Foreign Minister Qureshi is reported to have raised this issue before his interlocutors during his recent visit to Washington, and though he claimed that “the talks were very satisfactory” the facts do not corroborate his statement. A senior US official bluntly stated that such a deal “is not on the table, and the Pakistani views are well-understood and we listen carefully to them.”

To put Pakistan on the defensive, the US authorities have renewed the demand for access to Dr A Q Khan and expressed opposition to China’s building the Chashma nuclear reactor.

During his Senate confirmation hearings last month, US ambassador-designate to Pakistan Cameron Munter declared: “I intend to raise the question again of our repeated requests to have our people be able to interview Khan.” Questioning Ambassador Munter during the hearing, Senator Richard Lugar also expressed his concerns over Pakistan’s control on its nuclear inventory. The State Department has also opposed Sino-Pakistani nuclear cooperation, in particular China’s plan to build two reactors, holding it a violation of the Nuclear Supply Group (NSG) regime, ignoring the fact that US companies have similar agreements to sell reactors to India.

The three major dimensions of our relations – trade and investment, energy and defense – have failed to register any major development during the last four years. Hence, to accredit this dialogue process with any tangible significance would be too optimistic.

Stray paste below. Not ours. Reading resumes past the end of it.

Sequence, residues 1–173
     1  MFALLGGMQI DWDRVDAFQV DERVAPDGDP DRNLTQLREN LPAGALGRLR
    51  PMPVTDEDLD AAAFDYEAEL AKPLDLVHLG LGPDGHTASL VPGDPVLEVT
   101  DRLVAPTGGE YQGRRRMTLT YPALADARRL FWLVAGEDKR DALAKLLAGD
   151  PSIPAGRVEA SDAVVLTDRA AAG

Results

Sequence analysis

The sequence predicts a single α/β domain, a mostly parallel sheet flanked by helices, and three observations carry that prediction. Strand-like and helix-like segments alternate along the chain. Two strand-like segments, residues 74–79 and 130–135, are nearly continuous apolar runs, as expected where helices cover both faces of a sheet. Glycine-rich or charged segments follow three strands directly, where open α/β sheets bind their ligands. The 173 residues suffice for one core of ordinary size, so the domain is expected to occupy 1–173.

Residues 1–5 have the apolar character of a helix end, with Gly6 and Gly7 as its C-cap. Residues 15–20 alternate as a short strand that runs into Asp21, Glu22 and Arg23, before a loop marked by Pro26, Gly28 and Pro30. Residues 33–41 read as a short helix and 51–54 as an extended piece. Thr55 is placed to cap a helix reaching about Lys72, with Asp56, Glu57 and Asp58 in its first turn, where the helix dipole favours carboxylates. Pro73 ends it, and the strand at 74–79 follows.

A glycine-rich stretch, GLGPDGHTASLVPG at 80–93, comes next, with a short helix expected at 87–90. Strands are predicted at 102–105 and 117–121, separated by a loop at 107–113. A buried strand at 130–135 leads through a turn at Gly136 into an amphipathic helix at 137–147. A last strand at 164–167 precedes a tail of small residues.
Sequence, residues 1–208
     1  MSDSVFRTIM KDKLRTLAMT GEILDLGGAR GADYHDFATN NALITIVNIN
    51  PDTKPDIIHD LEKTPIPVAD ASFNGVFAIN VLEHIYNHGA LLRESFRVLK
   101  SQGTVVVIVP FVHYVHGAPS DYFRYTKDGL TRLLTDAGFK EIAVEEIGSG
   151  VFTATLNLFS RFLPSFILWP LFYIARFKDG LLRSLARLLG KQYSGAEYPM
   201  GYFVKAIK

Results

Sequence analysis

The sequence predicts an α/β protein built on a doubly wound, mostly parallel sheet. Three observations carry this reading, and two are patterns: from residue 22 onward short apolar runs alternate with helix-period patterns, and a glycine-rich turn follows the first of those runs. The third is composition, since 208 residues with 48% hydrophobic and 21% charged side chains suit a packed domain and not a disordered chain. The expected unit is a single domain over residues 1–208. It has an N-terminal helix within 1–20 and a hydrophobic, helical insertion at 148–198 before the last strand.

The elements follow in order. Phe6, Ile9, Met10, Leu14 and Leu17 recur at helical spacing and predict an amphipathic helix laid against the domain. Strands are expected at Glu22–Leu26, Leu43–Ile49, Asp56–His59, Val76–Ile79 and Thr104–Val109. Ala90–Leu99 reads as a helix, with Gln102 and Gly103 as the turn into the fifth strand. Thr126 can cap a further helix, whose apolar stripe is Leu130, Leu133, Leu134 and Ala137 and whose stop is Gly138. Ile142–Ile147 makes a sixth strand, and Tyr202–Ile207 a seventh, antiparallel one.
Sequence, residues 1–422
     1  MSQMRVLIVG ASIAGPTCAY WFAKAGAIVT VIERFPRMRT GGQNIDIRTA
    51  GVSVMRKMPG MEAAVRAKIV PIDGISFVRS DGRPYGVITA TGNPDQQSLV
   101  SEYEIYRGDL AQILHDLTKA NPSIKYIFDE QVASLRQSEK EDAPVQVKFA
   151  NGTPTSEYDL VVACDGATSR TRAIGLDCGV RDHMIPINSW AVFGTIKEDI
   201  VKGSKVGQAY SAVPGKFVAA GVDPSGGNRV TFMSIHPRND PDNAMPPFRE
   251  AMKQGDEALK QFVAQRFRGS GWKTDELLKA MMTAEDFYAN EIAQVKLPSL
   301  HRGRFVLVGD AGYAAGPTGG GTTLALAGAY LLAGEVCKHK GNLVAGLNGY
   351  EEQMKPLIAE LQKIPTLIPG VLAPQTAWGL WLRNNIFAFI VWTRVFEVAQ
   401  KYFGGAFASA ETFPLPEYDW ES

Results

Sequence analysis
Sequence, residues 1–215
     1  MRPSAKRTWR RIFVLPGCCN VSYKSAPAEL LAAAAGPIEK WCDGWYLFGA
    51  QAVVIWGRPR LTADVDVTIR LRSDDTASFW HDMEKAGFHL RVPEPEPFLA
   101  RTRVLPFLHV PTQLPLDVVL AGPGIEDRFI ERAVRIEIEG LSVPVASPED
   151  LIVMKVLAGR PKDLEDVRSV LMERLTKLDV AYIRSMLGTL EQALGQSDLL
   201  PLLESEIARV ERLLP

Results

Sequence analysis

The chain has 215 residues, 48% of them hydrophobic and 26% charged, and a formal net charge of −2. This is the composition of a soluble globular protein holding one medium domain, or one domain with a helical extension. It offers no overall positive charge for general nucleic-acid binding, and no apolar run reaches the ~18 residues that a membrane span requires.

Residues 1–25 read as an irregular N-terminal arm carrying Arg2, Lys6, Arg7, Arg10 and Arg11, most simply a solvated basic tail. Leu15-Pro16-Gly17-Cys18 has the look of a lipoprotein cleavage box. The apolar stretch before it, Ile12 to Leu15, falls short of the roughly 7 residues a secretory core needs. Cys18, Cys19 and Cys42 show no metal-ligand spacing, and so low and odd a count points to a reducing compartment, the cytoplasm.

There are a host of other issues, such as US violations of Pakistan’s air space, the increasingly deadly drone attacks, delayed payments of the Competitiveness Support Fund (CSF), supply of defense equipment and strategic issues which are not in the public domain will form the staple of the discussions in the fourth round.

What has the so-called Strategic Dialogue or Strategic Partnership delivered for Pakistan? One may also ask what happened to the 56-pages dossier that the Pakistani delegation submitted to the US in the previous round.

The US policy regarding the Strategic Dialogue has been in conformity with its own national objectives, and that element in itself cannot be faulted. But we need to outline our national agenda and draw the red line, even if belatedly. Washington needs to be told that the partnership cannot work without the United States meeting reciprocal obligations and that both sides must work only within the agreed parameters.

Our leadership should not take at face value President Obama’s assurances that the US is “seeking long-term engagement and will remain a strong supporter of Pakistan’s security and prosperity long after the guns have fallen silent.” Once the US makes a safe and (honorable?) exit from Kabul, Pakistan will merely receive the attention deserving of a “world’s 5th most unstable country”, in the words of the State Department’s Global Peace Index (GPI) report released in June.


Mr. Siddiqui is a former ambassador and an adviser to the Senate Foreign Relations Committee. This op-ed appeared in The News International. Reach him at